Sunday, March 10, 2013
I’m standing in the basement of Bondir, the intimate, award-winning Cambridge restaurant, watching Chef Jason Bond dismantle a hindquarter of beef, removing fat from muscle and muscle from bone. As he drops each chunk into its designated plastic tub, he explains to me what it will be used for. Every bit of this 200 pounds of meat will be consumed. The steaks will dry-age for some months; the fat, brightly yellow because the cow was grazing on bright green grass, will be rendered and used for daily cooking; the tough muscles will be stews, cooked with the stock made from the bones. This one animal will feed hundreds of diners; it’s the only way for high-quality meat like this, Chef tells me, to be economic.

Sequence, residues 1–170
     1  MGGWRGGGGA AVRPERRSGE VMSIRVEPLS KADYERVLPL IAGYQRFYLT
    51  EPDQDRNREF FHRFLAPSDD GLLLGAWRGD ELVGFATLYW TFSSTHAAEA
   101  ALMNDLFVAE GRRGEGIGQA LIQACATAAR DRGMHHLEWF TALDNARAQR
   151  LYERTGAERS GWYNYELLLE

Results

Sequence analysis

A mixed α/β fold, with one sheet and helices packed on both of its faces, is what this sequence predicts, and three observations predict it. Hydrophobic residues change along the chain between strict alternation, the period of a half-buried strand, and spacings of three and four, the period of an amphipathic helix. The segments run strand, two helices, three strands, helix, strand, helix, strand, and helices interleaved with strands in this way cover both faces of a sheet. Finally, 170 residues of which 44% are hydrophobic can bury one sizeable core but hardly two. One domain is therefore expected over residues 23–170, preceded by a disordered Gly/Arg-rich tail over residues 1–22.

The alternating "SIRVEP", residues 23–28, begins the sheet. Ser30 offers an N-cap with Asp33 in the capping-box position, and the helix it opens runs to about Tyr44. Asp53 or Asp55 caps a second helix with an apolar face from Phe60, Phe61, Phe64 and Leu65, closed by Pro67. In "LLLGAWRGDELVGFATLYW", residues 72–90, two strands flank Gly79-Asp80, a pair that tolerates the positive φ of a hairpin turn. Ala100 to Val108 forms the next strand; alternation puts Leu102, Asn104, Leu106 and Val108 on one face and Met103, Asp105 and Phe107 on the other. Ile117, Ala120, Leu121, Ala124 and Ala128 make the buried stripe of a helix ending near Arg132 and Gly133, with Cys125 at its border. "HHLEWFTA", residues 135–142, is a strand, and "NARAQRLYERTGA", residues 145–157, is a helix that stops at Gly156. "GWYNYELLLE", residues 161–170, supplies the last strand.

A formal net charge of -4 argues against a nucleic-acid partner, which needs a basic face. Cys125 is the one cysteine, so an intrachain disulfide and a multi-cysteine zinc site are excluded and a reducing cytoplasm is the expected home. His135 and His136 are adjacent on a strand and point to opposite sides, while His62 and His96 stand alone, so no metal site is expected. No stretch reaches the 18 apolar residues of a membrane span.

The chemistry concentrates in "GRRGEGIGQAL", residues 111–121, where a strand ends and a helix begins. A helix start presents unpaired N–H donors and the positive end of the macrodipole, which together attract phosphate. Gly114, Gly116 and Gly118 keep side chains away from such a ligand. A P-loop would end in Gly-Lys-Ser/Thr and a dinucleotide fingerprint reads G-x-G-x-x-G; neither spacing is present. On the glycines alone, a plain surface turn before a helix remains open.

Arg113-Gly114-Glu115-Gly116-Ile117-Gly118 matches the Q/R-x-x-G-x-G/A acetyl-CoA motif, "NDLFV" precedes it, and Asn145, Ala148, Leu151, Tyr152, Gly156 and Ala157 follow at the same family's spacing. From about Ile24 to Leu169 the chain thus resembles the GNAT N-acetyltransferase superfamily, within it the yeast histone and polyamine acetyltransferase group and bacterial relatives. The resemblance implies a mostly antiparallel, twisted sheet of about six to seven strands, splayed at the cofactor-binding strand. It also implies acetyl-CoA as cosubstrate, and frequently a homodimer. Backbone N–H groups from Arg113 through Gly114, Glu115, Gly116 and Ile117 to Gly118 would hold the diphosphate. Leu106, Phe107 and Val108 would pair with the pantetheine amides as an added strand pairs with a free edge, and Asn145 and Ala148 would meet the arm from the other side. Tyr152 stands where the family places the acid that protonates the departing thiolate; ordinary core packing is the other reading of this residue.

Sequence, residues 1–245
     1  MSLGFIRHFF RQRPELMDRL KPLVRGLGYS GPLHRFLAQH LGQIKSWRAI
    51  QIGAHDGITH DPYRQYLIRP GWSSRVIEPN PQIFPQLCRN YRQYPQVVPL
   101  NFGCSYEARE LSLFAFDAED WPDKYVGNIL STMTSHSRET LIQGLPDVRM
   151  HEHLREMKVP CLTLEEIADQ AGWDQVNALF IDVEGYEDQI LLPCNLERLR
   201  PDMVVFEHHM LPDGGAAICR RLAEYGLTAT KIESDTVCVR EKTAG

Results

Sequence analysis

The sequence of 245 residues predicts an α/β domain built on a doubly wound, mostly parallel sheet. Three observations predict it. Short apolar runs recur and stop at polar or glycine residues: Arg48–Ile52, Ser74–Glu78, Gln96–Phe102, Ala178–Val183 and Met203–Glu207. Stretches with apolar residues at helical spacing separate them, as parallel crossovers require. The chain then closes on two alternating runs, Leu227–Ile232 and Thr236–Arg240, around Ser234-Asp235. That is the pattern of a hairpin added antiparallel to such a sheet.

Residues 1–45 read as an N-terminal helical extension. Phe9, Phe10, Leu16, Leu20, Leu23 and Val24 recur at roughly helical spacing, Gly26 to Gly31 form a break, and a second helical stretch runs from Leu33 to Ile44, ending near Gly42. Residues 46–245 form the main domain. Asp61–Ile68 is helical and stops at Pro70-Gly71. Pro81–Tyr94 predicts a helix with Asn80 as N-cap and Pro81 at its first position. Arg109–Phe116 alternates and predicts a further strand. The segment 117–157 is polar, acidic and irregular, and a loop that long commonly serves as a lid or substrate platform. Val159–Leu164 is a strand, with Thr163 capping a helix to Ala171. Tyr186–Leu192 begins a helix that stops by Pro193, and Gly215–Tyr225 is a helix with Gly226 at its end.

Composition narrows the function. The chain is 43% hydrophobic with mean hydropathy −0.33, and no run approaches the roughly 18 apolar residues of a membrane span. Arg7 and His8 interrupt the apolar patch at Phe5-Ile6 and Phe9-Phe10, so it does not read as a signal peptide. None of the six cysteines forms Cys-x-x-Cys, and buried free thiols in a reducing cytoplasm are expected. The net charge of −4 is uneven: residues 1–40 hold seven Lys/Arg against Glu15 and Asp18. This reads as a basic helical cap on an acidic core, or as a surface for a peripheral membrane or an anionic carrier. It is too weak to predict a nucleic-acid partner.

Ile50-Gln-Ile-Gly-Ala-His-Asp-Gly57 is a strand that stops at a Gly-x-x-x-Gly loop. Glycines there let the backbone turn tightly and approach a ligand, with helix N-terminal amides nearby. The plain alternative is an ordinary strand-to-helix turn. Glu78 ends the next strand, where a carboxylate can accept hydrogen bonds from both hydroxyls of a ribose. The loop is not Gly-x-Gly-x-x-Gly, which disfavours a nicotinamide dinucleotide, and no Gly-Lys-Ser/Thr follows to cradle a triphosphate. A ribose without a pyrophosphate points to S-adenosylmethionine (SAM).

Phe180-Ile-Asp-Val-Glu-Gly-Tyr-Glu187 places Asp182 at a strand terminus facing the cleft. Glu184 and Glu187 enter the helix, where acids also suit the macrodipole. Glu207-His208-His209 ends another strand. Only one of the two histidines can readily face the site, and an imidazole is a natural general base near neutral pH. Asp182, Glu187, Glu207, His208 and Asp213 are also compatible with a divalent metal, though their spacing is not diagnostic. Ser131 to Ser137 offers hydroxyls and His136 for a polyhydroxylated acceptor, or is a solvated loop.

But I don’t think it’s just economy that drives Bond’s pursuit of a "snout-to-tail" approach to beef, or his painstaking efforts to remove different kinds of pollen from every dried blossom of a fennel bush, or his abiding affection for his long-lived sourdough starter.To show what I mean, here’s a reflection offered by Sous Chef Rachel Miller, as she prepped spiced kuri squash. "I like to read a lot of old cookbooks because they’re more resourceful... it’s more about ingredients and a process... different ways to utilize what grows here, because that’s what we’re going to have a lot of."